The average Davisite owns 2.1 bicycles, according to an informal Davis Wiki census. This average is pushed up because of bike ministers like myself who own too many bikes than appear logical. I own at all times at least 10 bicycles, and have at times owned 35 or more. While I could pool my money in one or two bicycles, what’s the fun in that? Please let me proceed to defend my decadence and offer a primer on vehicle purpose: Each of my 10 bicycles is necessary for specific activities in a low-automobile lifestyle.
Betraying my own eccentricity, each bike I own is named after ex-girlfriends of mine. While this is inescapably one of my most misogynistic behaviors, it provides me with invaluable function: limiting unnecessary further purchases and reminding me not to make the same mistake twice. Naming of a bicycle is a slow process for an informal bike-vendor. I generally had between 15-25 bikes chain-locked around my former dome, of various sizes and values, available for the right price. However, certain ones grew on me and I began to refuse reasonable offers; I was smitten. Unlike girlfriends, you can have as many bikes as you want, and they never get jealous, vindictive or stale.
Most of my bicycles and former girlfriends are international and are from the mid 1980s. My two Miyata bicycles are named after my two most serious former partners, both multi-year relationships from my days in Riverside. There is Xing (1), my Miyata 912 bicycle, a racing bicycle that refuses to compromise, and Shelly (2), my Miyata 610, a touring bicycle built for carrying the world’s weight. These two women were both “Triple M’s” – medically-inclined model minority – but could not be more different in practice (i.e. Amy Tan meets Jhumpa Lahiri and viral eradication verses holistic medicine.) These red and silver bikes capture this same duality, appearing identical to the untrained eye. The difference is their approach: my 912 is about fleeing commitment, while the 610 carries a ton of baggage. I currently use the 912 to bike to work in Sacramento, and the 610 for shopping and beer runs in Davis.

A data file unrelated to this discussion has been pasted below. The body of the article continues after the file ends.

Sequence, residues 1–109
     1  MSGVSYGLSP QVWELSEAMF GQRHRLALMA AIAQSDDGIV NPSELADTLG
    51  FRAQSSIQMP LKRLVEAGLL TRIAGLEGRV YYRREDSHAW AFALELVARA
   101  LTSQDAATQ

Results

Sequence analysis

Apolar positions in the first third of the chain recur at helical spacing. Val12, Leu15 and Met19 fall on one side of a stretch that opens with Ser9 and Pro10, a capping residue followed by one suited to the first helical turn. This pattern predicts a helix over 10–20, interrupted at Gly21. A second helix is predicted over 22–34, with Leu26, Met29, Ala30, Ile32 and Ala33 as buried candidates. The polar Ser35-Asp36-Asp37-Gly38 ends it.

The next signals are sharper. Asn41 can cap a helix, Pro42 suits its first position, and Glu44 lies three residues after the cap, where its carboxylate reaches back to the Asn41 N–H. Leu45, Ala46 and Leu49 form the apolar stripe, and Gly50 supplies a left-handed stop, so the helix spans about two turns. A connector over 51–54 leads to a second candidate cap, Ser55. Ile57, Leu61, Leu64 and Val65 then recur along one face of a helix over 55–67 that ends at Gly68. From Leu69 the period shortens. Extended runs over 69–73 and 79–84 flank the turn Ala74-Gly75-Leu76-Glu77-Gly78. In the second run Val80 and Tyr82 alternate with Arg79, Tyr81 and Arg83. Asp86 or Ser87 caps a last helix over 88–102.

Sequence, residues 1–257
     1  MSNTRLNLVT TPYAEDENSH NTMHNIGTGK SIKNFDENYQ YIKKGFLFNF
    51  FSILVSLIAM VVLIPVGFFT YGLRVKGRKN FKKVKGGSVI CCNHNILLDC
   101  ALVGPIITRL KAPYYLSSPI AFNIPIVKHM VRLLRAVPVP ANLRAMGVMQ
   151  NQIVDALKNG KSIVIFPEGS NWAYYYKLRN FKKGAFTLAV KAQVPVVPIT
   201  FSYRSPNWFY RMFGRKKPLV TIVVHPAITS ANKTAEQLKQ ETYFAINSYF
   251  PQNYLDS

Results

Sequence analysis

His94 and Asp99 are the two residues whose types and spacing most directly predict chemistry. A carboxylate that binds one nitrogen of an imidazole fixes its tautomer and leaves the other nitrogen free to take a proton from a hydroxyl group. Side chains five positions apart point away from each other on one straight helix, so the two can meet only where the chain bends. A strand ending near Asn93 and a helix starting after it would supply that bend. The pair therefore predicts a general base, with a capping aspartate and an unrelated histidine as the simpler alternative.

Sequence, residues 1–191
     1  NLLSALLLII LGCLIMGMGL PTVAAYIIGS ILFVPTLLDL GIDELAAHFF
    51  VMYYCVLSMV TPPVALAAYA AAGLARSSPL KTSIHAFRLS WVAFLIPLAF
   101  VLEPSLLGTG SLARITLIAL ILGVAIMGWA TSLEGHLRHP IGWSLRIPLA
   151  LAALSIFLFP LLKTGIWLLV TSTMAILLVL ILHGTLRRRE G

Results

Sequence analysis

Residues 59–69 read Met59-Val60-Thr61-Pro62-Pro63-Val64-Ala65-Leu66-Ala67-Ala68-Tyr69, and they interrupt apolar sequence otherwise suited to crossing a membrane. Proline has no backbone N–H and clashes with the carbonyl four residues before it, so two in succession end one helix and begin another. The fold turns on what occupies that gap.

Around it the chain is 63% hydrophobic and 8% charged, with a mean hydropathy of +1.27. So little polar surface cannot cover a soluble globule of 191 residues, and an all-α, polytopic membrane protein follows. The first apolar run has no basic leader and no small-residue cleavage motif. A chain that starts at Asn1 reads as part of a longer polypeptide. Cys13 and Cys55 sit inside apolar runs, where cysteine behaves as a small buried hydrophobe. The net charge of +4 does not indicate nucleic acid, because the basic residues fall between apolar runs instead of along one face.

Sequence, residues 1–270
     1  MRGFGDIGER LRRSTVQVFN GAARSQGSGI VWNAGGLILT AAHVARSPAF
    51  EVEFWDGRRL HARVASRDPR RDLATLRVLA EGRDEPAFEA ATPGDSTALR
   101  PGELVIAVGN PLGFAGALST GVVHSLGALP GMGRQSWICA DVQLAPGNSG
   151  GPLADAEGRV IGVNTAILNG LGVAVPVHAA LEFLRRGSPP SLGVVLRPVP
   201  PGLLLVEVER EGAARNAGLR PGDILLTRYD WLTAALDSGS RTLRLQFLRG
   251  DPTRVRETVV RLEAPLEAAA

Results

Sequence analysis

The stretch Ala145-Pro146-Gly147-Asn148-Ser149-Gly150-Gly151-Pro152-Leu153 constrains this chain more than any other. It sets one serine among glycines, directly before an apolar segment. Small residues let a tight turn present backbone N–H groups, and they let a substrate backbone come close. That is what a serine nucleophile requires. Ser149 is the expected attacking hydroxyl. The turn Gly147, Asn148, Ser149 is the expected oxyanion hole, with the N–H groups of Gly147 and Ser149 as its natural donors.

Cynthia, my night bicycle, was sold and I’m looking for a replacement. This bike was a silver Peugeot Triathlon and operated only by the light of the moon and SUVs.
Anne-Marie (3), another Peugeot Triathlon, is a bright-red untarnished racer that spent 20 years dust-collecting inside. Anne-Marie and I never really were partners, (nor did I use this bike much, with exception of the 2009 Picnic Day parade) but we are forever linked, as my own vanity prevented me from taking this beautiful and differently-abled woman to high school prom. I will live forever knowing how selfish a decision this was. In the same way, this gorgeous bike hangs in my room and is a reminder about vanity and how it prevents you from living life and giving to the fullest.
Stephanie (4) is my Bridgestone MB-1, a dented, unremarkable looking bike. This high-end mountain bike I use for Bike Polo. It’s hefty, quick and vicious, just like its namesake, captain of the junior-high volleyball team.
Xiaoyan (5), my purple Cannondale T700, is a prissy aluminum bike that I use for laundry and as a backup commuter, a bike that likes to follow rules and not get dirty. This is the only bike I own that came from the Bike Collective, and the frame was a deal at $40.
Susana (6), my Raleigh Technium fixed gear, reminds me not to coast through life. I ride this red, gold and yellow limo to special events.
Catherine (7), my Specialized Stumpjumper, is a great mountain bike that has little affection for Davis flatland. There are also my tandem and folding bicycle pair (8,9,10) – these quirky bikes will get their own article. These bikes I use with the love of my life (and non-cyclista), Amy.
Are you letting satisfaction with your current bike prevent you from buying another bike? Foolish! No quantity of bikes is too great! No quantity of bikes costs all that much either. My fleet of 10 used bicycles does combine to cost half of what a new bike costs downtown, (or one month’s car payment) which gives me great pride. More than pride, the functionality of owning more than one bike is proven when you have a flat or a bike is stolen.
In terms of embodied energy, which is the amount of energy it took to make it, I’d need 45 new bicycles just to equal a Toyota Prius, according to iBikeToronto, and that’s not factoring in gasoline. I’d much rather have 45 bikes.
CHRISTOPHER SALAM is a minister at the Davis Bicycle Collective, and can be reached at firstname.lastname@example.org. If you are interested in DIY bicycle repair visit the DBC at its Bike Forth location, on L Street and 4th.